China: Scandalous! Lesley Nicol travels to Nanning, China, known for its bear bile trade! Bears are blind or have their teeth and claws hacked out

bear_tortured_china

Mrs Patmore’s flustered features crumple into tears as she watches vets and nurses tend to a sick animal on the grimy floor of a Chinese farm where, for years, bears have been imprisoned in tiny cages and milked for their bile.

‘This bear has had a terrible, terrible life,’ says Lesley Nicol. ‘All she has known is appalling betrayal from mankind, and it has all been for money – there is absolutely no point to it.

‘Why she’s not screaming and raging at us, I don’t know. I feel totally ashamed.’

Grotesque: In this rather gruesome frame, a worker drains one of the bears of its bile - which will be sold on to make a selection of medicines and cosmetics

Grotesque: In this rather gruesome frame, a worker drains one of the bears of its bile – which will be sold on to make a selection of medicines and cosmetics

CAGED AND CUT OPEN FOR BILE IN THEIR BELLY

Extracting bile – a digestive juice produced by the liver and stored in the gall bladder – is deeply painful and invasive.

To enable farmers to carry out the technique without being attacked, the bears are kept in ‘crush cages’ so small they can hardly move.

Each is then ‘milked’ with a catheter inserted into its gall bladder – bile is extracted twice a day, with the same wound being reopened again and again.

To combat infection, the bears are fed high doses of antibiotics. However, disease can still be found in some bile products for sale.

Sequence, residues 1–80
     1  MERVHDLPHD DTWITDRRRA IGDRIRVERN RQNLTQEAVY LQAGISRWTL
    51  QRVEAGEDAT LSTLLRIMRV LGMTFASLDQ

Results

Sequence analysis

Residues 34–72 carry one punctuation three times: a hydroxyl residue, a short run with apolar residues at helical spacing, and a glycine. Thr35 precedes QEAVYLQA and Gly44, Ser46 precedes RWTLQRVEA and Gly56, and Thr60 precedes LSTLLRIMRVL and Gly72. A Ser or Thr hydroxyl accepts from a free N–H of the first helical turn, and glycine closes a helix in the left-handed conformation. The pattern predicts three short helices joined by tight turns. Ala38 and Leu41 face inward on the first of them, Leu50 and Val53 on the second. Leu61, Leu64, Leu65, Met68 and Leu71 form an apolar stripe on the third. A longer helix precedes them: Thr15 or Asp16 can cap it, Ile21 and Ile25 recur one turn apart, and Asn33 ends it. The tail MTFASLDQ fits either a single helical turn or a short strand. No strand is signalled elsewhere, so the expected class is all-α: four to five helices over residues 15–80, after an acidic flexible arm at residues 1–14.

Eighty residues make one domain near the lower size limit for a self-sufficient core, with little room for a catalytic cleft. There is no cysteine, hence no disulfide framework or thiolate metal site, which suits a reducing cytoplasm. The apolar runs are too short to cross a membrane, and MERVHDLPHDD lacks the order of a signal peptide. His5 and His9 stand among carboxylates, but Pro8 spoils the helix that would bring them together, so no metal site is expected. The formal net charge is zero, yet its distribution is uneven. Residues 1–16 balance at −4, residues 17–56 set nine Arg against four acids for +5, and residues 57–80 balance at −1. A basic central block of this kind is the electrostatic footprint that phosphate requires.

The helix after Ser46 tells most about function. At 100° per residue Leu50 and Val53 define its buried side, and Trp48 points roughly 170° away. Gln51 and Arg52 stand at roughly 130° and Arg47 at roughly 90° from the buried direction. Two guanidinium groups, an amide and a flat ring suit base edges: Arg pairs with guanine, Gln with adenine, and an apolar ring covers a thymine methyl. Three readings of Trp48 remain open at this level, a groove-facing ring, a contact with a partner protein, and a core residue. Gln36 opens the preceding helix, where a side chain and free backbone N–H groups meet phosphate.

Some 6,000 miles from the refined manners of Downton Abbey, the indignation of the actress who plays kindly cook Mrs Patmore is easy to see. On a week’s break from filming the fifth series of the hit ITV drama, Lesley has travelled to the jagged limestone mountains near the China-Vietnam border with The Mail on Sunday to see a British-run charity’s mission to stop the bear bile trade.

In a makeshift field animal hospital, an hour’s drive from the city of Nanning, she is helping vets from charity Animals Asia carry out health checks on a group of bears who have been subjected to excruciatingly painful bile extraction.

Over 10,000 Asiatic black bears – an endangered species known as ‘moon bears’ for the cream-coloured crescents on their chests – are confined in cages from birth, often too small for them even to turn around, in farms across China and other southeast Asian countries.

Some are blind or have had their teeth and claws hacked out, while many are psychologically scarred by their captivity. Others with terminal growths and cancers will see their struggle for survival end with a merciful lethal injection.

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